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On World Mental Health Day, a look back at the meanest things people say

It is imperative to spread awareness about mental illness by talking about it more often and holding discussions. One such discussion was held on Twitter earlier this year during May, which is considered as Mental Health Month.

health Updated: Oct 10, 2018 09:04 IST
Kabir Singh Bhandari
Kabir Singh Bhandari
Hindustan Times, Delhi
World Mental Health Day,Mental Health Day,Mental illness
‘How India Perceives Mental Health,’ a report published by The Live Love Laugh Foundation (TLLLF) in March 2018 to measure the public perception of mental health across eight Indian cities revealed that 87% of respondents associated mental illness with severe disorders (iStock)

World Mental Health Day is observed every year on October 10 and is dedicated towards mental health education, awareness and reducing the social stigma that surrounds this condition. It was in 1992 that it was first celebrated, an initiative by the World Federation for Mental Health. The theme for this year is ‘Young people and mental health in a changing world,’ while in 2017 it was ‘Mental health in the workplace.’

‘How India Perceives Mental Health,’ a report published by The Live Love Laugh Foundation (TLLLF) in March 2018 to measure the public perception of mental health across eight Indian cities revealed that 87% of respondents associated mental illness with severe disorders (like schizophrenia and Obsessive Compulsive Disorder) and their symptoms.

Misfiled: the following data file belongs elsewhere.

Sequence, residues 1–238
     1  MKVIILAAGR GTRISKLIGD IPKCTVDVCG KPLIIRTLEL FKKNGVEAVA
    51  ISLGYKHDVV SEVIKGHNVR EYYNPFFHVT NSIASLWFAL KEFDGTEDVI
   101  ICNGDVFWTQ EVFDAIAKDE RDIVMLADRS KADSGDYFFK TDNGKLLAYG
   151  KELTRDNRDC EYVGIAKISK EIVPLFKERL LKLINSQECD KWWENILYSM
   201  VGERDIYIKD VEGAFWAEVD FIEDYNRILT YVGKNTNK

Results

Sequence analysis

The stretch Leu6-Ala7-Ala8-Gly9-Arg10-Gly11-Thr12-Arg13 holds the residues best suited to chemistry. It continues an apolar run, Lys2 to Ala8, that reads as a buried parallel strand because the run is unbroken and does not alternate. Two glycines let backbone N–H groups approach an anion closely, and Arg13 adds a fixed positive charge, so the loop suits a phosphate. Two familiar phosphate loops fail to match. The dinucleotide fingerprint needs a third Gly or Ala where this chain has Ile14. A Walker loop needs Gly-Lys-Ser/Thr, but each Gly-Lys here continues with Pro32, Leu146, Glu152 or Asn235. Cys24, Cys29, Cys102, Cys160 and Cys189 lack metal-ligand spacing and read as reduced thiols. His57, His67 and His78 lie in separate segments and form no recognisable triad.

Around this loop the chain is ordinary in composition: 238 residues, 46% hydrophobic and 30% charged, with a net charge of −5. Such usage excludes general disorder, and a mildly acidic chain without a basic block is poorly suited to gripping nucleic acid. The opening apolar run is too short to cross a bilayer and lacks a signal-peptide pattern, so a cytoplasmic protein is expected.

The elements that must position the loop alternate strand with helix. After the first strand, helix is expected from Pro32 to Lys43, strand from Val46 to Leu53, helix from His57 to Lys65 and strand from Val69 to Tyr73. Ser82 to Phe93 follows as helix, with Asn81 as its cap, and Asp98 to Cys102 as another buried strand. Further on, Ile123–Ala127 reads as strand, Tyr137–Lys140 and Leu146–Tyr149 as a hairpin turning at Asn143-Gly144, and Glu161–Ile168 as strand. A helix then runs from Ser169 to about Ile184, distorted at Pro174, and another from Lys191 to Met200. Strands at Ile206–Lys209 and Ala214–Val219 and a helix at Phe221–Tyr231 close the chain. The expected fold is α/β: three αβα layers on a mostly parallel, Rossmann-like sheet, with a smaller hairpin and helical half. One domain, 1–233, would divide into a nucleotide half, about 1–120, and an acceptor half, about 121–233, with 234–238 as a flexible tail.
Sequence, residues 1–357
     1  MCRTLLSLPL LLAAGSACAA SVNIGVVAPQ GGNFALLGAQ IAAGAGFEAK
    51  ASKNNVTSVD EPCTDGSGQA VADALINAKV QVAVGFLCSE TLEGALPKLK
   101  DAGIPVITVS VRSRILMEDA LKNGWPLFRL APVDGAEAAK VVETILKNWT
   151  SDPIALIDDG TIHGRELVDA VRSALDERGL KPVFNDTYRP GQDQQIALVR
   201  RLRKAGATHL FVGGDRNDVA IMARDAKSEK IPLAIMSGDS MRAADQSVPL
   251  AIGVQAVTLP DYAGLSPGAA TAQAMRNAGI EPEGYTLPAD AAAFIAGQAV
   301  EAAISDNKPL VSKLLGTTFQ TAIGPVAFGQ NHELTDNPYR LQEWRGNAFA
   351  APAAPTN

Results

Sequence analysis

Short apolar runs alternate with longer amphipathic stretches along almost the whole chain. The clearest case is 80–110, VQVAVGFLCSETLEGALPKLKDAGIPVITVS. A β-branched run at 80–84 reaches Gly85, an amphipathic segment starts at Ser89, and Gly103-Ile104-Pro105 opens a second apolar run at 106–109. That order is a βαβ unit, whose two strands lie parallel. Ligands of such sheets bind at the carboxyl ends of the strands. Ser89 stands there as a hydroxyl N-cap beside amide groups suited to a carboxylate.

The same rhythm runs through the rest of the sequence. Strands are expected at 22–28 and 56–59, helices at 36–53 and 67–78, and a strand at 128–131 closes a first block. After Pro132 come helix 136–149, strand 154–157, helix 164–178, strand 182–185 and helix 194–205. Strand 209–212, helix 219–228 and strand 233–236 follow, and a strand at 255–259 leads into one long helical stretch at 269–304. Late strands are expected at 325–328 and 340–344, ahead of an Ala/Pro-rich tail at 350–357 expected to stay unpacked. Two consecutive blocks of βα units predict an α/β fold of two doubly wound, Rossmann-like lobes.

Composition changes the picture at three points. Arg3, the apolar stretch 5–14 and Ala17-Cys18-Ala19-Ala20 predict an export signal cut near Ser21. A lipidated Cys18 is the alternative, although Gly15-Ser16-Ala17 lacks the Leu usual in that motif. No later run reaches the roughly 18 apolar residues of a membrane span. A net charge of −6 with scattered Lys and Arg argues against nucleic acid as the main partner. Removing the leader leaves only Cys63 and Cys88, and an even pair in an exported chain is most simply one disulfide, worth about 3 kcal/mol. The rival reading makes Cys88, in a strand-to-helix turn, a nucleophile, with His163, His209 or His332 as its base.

The survey also revealed that there was a lot of stigma attached to mental illness, with 47% of people using the term ‘retard’ to describe those with mental illness. More shockingly, 60% of respondents believed that people with mental illness “should have their own groups to avoid contaminating healthy people” and 68% believe that they “should not be given any responsibility.”

In such an environment, it is imperative to spread awareness about mental illness by talking about it more often and holding discussions. One such discussion was held on Twitter earlier this year during May, which is considered as Mental Health Month.

U.K. journalist Hattie Gladwell initiated a Twitter thread with the hashtag detailing ‘Things people have said about my mental illness.’ The thread went viral, and exposed us to the kind of comments those suffering with mental illness had heard.

It showed the sort of insensitive and unhelpful comments that people with mental illness had been subjected to:

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First Published: Oct 10, 2018 09:03 IST